Friday, May 18, 2007

Worst Support Ever

As I look back over the life of my company, a dozen or so incidents stand out as the worst support ever.

Here's a quick summary of the top ten in chronological order. I won't bore you with the details. Each is worth a couple of tall brews in a nice pub.

  • AT&T Internet/T-1 Install. Guy before me worked on this for 12 months. I worked an additional 6.

    Result: Resolved to never recommend AT&T for T-1 service.

  • AT&T Wireless. Phone trouble.

    Result: Dropped AT&T service and resolved not to use AT&T wireless again.

  • Tech Data. (Customer service, not tech support.)

    Result: Dropped Tech Data and resolved to always have multiple suppliers.

  • CA / ArcServe. Years of declining support, culminating in one bad incident.

    Result: Stopped selling ArcServe. So, apparently, did everyone else.

    Note: CA resurrected this product a couple of years ago. We're softening up to the idea, but we still have a shrink-wrapped NFR box from two years that we've never opened. Bad taste lingers.

  • Microsoft SBS2003 PSS Incident 2004.

    Result: Prayed that they would improve. Complained and escalated. Was promised improvement.

  • Microsoft SBS2003 PSS Incident 2005.

    Result: Prayed that they would improve. Worked "back channels" and begged for better support.

    Engaged in dialog re: improvements and recommendations. Received full court press to just shut up, put up, and be patient.

  • Netscreen. Emergency went from bad to worse.

    Result: Dropped product line. We now sell SonicWall.

    Note: I LOVE the Netscreen products. Spectacular. But with horrible support, we can't afford to sell them. Now Juniper. Haven't tested new support. Bad taste lingers.

  • Microsoft SBS2003 PSS Incident 2005.

    Result: Prayed that they would improve. Worked "back channels" and begged for better support.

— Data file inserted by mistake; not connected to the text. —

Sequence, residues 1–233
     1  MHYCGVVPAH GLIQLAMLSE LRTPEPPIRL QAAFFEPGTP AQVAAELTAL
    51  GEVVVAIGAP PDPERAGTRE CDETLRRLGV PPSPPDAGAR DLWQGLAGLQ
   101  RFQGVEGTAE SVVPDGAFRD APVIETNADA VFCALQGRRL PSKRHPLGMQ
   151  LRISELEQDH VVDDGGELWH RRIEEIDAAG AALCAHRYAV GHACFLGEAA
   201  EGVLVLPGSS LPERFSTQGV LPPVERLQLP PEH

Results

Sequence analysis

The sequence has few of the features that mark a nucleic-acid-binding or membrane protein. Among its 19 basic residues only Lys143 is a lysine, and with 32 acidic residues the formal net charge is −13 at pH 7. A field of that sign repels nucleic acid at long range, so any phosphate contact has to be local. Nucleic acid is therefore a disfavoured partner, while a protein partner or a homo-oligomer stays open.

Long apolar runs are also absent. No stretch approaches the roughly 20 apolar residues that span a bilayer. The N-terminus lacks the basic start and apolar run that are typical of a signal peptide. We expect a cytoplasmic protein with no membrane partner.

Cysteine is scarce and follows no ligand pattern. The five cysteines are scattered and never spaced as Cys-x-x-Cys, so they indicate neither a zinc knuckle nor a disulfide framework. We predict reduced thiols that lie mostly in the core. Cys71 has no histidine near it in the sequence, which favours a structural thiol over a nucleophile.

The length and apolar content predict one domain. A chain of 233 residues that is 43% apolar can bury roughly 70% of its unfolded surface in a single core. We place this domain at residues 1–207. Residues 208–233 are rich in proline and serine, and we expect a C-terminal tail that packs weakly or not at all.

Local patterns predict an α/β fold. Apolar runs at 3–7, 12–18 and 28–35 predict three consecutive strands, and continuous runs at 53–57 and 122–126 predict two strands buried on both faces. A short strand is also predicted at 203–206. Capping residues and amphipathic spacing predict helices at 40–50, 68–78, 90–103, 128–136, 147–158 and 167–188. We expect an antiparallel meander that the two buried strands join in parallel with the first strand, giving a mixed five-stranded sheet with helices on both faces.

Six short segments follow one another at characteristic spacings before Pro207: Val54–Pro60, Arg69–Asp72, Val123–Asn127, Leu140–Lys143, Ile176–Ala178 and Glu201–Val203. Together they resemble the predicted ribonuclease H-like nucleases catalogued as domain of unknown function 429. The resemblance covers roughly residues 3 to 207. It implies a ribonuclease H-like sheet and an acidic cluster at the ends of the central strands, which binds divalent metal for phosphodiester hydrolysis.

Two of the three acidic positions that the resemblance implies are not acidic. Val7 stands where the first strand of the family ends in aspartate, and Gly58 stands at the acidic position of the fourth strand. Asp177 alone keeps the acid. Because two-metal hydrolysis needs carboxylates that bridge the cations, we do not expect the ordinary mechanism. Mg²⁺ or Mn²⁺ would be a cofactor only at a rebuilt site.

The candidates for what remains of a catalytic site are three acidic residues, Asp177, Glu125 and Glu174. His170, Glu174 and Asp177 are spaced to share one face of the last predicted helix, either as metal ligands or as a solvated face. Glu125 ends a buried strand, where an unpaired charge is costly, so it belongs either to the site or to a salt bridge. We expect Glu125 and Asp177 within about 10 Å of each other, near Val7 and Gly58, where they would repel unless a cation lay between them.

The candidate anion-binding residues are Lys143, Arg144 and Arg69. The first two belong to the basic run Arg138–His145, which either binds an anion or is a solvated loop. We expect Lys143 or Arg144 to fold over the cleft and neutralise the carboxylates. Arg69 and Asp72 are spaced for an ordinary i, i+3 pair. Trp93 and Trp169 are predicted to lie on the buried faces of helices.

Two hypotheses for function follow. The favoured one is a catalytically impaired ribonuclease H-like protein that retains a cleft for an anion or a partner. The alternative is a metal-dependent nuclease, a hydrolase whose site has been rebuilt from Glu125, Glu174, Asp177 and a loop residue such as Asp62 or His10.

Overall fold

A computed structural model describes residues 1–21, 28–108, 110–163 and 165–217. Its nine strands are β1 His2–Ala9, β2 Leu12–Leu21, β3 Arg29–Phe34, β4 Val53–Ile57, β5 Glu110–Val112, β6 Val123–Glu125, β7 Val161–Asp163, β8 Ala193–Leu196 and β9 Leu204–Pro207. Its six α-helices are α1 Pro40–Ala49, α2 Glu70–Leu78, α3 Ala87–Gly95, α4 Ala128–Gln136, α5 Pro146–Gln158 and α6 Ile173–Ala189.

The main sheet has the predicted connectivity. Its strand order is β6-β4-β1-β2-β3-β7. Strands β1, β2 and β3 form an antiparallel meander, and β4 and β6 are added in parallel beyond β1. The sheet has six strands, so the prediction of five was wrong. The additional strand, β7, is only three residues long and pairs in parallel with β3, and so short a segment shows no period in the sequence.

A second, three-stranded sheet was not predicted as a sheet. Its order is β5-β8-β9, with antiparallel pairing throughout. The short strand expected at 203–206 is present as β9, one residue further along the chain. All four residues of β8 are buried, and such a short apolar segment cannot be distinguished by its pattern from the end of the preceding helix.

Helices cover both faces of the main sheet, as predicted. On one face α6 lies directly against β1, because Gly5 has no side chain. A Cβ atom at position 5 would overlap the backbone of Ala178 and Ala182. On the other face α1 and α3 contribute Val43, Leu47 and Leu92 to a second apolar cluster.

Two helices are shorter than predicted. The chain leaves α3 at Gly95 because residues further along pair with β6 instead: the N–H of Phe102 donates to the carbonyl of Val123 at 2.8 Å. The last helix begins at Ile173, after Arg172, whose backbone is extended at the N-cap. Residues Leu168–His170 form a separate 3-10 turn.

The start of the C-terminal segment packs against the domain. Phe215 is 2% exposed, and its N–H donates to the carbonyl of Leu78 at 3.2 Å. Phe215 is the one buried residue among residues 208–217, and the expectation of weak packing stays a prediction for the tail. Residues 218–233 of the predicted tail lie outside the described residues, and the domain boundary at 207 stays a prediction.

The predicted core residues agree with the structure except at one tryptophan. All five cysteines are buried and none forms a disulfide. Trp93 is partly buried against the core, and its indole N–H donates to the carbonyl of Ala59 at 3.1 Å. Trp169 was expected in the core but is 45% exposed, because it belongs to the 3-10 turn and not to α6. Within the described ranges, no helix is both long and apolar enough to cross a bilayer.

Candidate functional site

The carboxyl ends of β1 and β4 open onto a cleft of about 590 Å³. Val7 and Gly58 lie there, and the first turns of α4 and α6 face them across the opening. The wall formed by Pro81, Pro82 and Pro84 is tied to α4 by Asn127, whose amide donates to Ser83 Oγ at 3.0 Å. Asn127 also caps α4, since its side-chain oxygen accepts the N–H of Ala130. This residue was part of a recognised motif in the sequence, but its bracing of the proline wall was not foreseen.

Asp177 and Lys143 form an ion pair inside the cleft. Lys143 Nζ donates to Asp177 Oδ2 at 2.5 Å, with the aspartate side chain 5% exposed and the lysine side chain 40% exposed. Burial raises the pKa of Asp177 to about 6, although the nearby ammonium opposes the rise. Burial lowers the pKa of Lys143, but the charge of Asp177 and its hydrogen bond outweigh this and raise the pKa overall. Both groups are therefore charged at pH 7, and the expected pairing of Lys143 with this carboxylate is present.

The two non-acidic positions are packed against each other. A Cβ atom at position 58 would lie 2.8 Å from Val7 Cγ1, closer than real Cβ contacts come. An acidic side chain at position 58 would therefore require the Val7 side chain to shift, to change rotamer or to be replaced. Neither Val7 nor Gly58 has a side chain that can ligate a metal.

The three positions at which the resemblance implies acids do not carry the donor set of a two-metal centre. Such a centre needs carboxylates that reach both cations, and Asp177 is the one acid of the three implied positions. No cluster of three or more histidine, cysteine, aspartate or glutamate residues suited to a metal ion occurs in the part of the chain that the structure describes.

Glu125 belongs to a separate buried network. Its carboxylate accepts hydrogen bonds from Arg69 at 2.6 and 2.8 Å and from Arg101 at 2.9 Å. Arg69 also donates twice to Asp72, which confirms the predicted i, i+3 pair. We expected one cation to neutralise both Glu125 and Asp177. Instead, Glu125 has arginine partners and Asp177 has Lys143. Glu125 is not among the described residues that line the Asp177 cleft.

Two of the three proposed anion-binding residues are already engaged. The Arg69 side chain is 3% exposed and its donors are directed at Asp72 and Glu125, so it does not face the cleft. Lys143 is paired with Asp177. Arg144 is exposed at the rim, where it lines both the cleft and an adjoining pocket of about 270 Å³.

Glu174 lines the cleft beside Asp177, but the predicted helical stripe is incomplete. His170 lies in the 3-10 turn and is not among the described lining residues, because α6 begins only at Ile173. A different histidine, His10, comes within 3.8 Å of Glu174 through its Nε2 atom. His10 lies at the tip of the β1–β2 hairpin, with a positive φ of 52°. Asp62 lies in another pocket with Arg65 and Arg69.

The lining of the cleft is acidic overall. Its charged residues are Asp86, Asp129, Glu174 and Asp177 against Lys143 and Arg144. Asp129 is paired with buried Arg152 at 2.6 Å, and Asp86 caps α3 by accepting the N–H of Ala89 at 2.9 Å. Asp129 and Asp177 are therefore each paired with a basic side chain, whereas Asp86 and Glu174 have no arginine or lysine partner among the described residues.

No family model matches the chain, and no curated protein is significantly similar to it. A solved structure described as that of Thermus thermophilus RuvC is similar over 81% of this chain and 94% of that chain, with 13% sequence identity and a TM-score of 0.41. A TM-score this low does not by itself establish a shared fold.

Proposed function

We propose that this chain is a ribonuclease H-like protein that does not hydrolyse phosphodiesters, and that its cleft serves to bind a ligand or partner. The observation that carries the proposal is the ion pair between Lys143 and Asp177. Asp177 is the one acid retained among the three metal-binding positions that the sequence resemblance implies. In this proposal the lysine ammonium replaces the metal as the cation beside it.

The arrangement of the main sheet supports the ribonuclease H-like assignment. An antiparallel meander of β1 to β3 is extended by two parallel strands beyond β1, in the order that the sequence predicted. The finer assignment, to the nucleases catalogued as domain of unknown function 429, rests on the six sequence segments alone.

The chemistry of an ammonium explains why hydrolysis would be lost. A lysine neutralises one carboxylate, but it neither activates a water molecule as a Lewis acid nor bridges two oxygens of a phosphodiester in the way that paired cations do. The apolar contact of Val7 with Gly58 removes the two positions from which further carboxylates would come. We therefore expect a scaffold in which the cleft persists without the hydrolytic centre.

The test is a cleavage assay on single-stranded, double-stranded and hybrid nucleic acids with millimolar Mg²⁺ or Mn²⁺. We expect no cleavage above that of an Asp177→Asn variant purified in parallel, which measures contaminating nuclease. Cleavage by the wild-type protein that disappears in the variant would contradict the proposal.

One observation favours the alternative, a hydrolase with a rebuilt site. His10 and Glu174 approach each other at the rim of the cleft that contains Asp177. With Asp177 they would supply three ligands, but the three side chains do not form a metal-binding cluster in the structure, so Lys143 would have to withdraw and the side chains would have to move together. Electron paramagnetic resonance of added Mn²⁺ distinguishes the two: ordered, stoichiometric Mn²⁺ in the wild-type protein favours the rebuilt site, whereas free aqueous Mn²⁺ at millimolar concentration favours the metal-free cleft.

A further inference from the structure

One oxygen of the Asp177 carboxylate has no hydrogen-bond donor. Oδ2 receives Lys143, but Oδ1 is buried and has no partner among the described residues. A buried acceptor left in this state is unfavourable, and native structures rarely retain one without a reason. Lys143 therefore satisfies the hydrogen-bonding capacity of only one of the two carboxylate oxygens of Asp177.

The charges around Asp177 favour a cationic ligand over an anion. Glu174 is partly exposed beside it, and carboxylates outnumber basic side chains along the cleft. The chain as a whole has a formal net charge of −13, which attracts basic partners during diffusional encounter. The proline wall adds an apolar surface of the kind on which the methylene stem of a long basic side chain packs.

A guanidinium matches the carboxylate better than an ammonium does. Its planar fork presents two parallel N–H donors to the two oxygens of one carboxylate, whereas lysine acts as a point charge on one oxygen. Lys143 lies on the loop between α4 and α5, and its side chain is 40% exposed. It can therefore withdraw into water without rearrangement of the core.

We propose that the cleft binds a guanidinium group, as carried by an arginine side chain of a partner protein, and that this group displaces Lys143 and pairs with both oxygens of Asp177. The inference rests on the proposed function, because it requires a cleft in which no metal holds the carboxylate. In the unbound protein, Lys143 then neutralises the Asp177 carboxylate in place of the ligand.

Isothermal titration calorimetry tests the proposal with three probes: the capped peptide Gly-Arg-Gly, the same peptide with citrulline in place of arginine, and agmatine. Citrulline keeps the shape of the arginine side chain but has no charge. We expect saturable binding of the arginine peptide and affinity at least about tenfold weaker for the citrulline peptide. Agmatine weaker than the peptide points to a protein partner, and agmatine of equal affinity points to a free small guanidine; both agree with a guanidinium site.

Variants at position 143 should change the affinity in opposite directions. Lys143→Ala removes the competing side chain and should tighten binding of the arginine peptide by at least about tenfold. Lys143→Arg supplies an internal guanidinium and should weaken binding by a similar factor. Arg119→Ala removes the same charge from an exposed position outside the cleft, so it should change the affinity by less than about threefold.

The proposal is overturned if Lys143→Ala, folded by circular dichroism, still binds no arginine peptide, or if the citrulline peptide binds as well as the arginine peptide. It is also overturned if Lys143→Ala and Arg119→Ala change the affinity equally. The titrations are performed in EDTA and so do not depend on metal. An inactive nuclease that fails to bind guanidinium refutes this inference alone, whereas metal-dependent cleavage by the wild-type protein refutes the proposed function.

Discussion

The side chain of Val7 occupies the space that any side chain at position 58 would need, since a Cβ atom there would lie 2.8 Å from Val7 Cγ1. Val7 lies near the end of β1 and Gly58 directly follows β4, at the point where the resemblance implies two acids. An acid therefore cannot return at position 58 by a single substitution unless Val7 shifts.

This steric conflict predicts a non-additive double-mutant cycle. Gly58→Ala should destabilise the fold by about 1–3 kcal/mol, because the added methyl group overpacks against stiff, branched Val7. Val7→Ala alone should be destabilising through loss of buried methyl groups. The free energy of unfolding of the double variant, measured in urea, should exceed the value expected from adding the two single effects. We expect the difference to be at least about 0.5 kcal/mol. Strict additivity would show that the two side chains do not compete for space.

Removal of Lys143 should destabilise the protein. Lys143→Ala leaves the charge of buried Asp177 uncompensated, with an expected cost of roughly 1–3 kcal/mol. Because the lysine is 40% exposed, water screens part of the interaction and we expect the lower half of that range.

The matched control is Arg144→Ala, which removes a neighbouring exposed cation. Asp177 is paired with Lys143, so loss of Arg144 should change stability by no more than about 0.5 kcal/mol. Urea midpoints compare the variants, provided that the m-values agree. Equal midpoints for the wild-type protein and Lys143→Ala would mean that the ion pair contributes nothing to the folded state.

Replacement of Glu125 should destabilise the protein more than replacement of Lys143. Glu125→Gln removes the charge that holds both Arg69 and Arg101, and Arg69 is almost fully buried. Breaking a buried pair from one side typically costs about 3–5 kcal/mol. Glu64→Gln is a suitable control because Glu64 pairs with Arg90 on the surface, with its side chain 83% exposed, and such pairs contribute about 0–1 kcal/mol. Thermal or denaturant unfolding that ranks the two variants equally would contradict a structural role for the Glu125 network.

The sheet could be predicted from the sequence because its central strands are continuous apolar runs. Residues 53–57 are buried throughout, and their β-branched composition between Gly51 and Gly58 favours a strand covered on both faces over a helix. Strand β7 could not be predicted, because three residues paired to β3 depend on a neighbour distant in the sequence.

• Microsoft SBS2003 PSS Incident 2006.

    Result: Complained and listened to their false promises. Made financial arrangements with other technicians to help in emergencies.

  • Microsoft SBS2003 PSS Incident 2006.

    Result: Got pissed off. Began formulating alternatives.


How about the BEST support incidences ever?

Well, I have so many from HP that I can't count them. In the most recent incident, I got the absolute perfect technician and answer immediately. Literally zero minutes on hold. Record of good experiences: 95%.

We don't sell Dell, but every time we call Gold support we talk to a great, well-trained technician within five minutes. Record of good experiences: 90%.

SonicWall. They trip over themselves putting my customer first, then my company. Perfect. Exactly what we want. Record of good experiences: 100%.

When I get off the phone with these people, I want to write a letter to their boss and tell then what a great job they did. And sometimes I do that.


A few Notes:

1) The most recent incident is not the worst. By far. It just tipped me over because we've been begging for competent tech support for years and Microsoft just doesn't care. Absolutely nothing has changed.

2) In the case of every other top-ten worst experience ever, we stopped selling/using the product/service.

3) Microsoft's first and most persistent reaction is public relations: "Please give us time. You have to understand. We're doing everything we can. We care. We're working on it. Please use the system. Please give us feedback. Please please please. We promise we'll change."

And that all amounts to years and years of obfuscation and lies.

PSS for SBS2003 is worse today than it was a year ago.

After Cougar is introduced it will get even worse.

There is no competent first-line technical support for SBS2003.

The guys in Texas are superstars. But you have to go through the fourth level of hell to get to them. And at that point, you're likely to be cleaning up after the first-line support.

I'm not a lone voice here. Private communications have very consistent with my last two blog posts. One cheerleader for Microsoft and a large group of people who have come to similar conclusions but don't with to voice it publicly. And a huge group that seems to think that this is simply the way things are. It doesn't matter how horrible Microsoft's support is: where are you going to go?

Put your head in the sand if you want. No product can live when there's no real front line technical support. That's what killed ArcServe (since resurrected). To be honest, I think it played a big role in AT&T's long decline and demise. When SBC bought AT&T -- at one time the largest telephone system in the world -- there was nothing left but the name.


OK. I'm done now.

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